Xpress Global Systems also maintains a brokerage division (XTMS) that’s able to arrange transportation, truckload brokerage and LTL if it’s outside the scope of the company’s normal activities. Operating out of Xpress Global System’s Tunnel Hill, Ga., facility, XTMS is designed to provide additional services for the company’s large customer base in the region.

Harris cites additional competitive advantages. “By far it’s our expertise in handling floor covering, specifically rolled goods. Our employees are very well trained, experts in their field. It’s a type of product that requires special handling. You hear so many different stories in the industry about carpet being damaged when shipped using general commodity carriers. It’s not that we never had that problem, but it’s a very low claims percentage. Less than half of 1% of our shipments result in a claim, because we take great care of our equipment. Plus, our network is set up to make sure the carpet is handled properly.”

But it’s not just soft goods. Xpress Global is also equipped to handle pallets of hard surface products such as LVT. “We really put a big focus on the hard surface of segment of the business,” Harris said. “What’s really good about it from a transportation perspective is those goods commingle well in a transportation mode. Over the past few years we have really put a focus on exploring those opportunities with our customers.”

Creative solutions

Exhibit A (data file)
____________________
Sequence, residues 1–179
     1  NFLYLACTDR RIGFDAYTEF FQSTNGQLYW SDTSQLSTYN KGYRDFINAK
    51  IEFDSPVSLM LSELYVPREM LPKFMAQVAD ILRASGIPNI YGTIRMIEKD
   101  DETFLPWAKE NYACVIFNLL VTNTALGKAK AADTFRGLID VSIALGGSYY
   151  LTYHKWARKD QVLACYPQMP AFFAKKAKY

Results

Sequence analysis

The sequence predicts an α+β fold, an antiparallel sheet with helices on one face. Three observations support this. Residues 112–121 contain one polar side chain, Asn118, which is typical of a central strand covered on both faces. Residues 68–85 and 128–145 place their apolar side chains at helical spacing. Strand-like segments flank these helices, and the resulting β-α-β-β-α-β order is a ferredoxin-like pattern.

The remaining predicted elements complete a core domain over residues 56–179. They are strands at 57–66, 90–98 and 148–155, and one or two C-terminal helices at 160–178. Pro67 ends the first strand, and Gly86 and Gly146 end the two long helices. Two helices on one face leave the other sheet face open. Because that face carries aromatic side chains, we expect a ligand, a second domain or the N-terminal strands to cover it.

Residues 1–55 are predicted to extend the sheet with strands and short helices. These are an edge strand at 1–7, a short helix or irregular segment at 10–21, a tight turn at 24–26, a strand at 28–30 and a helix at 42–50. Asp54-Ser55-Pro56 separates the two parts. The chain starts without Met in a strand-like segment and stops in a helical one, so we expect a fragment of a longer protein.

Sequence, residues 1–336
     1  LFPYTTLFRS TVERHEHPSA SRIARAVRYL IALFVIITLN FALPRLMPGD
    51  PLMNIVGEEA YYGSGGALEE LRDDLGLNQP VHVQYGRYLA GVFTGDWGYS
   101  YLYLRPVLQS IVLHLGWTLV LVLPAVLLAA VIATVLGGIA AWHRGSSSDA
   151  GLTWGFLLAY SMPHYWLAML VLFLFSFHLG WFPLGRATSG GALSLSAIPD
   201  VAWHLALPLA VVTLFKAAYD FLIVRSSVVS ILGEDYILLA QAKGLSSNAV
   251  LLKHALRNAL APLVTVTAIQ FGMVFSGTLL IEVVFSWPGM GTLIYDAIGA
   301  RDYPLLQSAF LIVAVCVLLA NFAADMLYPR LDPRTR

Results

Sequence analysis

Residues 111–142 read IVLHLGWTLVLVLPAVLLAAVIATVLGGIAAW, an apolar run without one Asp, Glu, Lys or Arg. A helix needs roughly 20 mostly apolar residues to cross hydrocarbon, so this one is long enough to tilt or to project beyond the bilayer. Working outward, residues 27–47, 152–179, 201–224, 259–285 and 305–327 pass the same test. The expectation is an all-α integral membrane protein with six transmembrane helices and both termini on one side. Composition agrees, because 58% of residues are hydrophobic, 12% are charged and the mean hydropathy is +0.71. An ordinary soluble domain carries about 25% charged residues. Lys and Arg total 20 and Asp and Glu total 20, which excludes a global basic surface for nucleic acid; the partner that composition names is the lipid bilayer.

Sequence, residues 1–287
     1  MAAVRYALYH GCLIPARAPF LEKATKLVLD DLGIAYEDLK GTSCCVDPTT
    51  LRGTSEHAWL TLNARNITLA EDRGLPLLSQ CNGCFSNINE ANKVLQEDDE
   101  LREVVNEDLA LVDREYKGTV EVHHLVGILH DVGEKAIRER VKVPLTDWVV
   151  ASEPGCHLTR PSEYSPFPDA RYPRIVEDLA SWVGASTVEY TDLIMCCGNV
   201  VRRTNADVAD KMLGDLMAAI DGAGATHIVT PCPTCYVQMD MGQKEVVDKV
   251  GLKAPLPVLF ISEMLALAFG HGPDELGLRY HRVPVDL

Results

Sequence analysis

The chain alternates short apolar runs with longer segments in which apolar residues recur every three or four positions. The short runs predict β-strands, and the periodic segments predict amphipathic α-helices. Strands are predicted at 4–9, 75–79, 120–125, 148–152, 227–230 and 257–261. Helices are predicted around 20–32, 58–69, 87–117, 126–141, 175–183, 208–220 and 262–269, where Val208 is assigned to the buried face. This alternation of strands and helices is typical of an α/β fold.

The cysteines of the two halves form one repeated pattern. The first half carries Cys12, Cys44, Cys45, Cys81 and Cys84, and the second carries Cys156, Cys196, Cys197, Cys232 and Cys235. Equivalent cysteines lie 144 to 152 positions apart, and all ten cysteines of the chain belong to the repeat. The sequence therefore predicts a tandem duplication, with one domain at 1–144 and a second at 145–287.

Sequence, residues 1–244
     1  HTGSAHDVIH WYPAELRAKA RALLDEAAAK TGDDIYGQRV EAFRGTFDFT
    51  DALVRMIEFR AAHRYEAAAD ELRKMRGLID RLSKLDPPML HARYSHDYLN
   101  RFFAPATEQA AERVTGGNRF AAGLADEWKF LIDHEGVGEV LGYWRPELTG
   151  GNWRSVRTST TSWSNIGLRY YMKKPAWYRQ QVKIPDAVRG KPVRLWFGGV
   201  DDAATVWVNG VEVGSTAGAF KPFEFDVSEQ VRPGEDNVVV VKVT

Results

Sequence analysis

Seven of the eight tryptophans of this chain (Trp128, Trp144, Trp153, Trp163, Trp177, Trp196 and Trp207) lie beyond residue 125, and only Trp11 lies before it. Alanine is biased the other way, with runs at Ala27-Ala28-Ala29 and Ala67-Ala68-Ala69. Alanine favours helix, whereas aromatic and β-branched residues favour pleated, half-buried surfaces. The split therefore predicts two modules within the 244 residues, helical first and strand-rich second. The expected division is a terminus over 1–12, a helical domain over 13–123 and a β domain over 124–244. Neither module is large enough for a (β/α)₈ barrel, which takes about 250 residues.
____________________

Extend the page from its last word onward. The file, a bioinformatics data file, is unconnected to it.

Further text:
Xpress Global Systems also excels in what Harris refers to as “reverse logistics.” For example, if freight is delivered to a retailer but the shipment is rejected, Xpress can arrange to send it back to the originating mill. “We can assist the retailer for any reason that might create a scenario where they would need to return the product,” Harris explained.

Another competitive advantage Xpress Global Systems offers is its sheer size and scale. “There’s no one that has the broad coverage area to match our 33 facilities across the country,” Harris said. “That is something that’s very unique and special in this particular space focused on floor covering.”

So why would a retailer prefer to have Xpress Global ship their products from a mill as opposed to just paying the mill to have the product shipped to them? Harris explains the thought process. “What we find is many retailers don’t always take the time to really understand their overall freight costs or the logistics behind it. So there could be significant cost savings with us. Also, we have capabilities in so many different areas that are all built around floor covering, which translates into other solutions we could bring to the table that they might not even be aware of. For example, we can store goods for clients in various parts of the country without them having to spend the extra funds to basically put brick-and-mortar facilities in. In essence, they can use our facilities as an opportunity to position their freight for their customers, and we can  handle shipping it out for them. So there’s just a lot of creative things we can do by opening up those discussions directly with the retailers.”

Robbie White, senior manager of distribution and logistics for Beauflor, is a believer. “Xpress Global has given us a lot of capacity that we didn’t have. But they have also worked with us on drop trailers, especially on nationwide coverage of rolled goods. With the proactive reporting they provide, we don’t have to wait on exceptions to come up. They’re really good at managing those exceptions for us.”